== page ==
Perhaps this can be read in Acts where the apostles are going about the business of picking the replacement for Judas and then contrasted with Peter’s sermon. Mundane (sort of) and then high and holy, magnifying God through the preaching of the Scriptures, probably illuminates the differences pretty well. But where’s the switch? Maybe later in Acts where Paul and Barnabas are preaching and reasoning and then suddenly they must shake off their “mantles of royalty” very abruptly to beat down the mob of would-be worshippers who are ready to sacrifice to these two who appear to be gods.
These, then, are the things you should teach. Encourage and rebuke with all authority. Do not let anyone despise you. – Titus 2:15
Martin Luther served well to elucidate the high and serious position of the man in the pulpit in his Galatians commentary. Chapter 1 opened up right into the position of the minister.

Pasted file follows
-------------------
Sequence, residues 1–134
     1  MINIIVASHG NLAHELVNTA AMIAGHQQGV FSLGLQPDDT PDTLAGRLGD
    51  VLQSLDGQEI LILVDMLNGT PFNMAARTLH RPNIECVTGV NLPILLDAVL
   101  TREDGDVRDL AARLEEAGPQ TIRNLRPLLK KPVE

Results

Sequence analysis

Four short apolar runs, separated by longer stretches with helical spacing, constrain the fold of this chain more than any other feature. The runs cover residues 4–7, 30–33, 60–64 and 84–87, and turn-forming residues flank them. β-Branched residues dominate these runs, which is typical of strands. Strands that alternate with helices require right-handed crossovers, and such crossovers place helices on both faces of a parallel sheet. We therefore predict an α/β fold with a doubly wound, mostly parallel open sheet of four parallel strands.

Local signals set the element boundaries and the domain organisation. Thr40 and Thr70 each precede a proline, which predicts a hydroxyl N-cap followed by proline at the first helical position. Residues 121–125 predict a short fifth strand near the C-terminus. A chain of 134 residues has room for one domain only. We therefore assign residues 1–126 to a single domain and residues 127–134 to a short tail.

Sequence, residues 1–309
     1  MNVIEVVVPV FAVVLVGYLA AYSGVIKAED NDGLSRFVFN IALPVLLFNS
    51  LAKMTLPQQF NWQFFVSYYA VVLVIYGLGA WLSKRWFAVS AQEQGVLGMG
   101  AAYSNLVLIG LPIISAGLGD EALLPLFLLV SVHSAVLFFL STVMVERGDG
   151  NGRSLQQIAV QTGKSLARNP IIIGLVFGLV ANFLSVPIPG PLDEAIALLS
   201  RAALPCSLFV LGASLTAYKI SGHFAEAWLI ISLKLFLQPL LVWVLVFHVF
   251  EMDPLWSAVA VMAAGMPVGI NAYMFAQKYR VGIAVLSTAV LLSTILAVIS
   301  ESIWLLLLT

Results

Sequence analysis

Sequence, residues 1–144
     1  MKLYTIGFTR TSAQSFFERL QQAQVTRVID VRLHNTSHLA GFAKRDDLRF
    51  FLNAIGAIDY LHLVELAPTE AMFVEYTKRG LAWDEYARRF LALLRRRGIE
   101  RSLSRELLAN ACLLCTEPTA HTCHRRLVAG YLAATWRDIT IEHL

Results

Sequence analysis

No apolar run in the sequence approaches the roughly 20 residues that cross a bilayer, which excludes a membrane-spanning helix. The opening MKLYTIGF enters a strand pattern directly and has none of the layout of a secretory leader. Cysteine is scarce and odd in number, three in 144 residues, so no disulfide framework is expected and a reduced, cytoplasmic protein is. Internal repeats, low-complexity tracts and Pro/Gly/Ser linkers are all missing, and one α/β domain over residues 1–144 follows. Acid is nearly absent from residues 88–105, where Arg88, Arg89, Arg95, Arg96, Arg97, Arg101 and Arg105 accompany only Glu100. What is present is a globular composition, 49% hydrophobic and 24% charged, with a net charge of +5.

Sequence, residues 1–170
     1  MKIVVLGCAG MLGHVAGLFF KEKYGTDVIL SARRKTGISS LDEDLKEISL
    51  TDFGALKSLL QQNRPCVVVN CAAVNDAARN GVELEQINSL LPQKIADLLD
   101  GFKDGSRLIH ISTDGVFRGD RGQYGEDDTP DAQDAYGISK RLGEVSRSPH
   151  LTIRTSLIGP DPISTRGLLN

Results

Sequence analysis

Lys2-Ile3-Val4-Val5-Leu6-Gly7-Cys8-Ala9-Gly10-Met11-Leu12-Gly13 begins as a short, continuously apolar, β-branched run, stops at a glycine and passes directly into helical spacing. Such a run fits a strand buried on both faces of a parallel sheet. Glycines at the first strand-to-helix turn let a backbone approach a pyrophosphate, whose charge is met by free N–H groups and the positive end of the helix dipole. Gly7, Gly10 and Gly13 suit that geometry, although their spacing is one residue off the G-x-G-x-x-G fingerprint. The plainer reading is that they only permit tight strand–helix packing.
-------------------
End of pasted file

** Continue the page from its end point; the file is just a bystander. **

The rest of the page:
“Every minister should make much of his calling and impress upon others the fact that he has been delegated by God to preach the Gospel. As the ambassador of a government is honored for his office and not for his private person, so the minister of Christ should exalt his office in order to gain authority among men. This is not vain glory, but needful glorying.”
“We exalt our calling, not to gain glory among men, or money, or satisfaction, or favor, but because people need to be assured that the words we speak are the words of God. This is no sinful pride. It is holy pride.”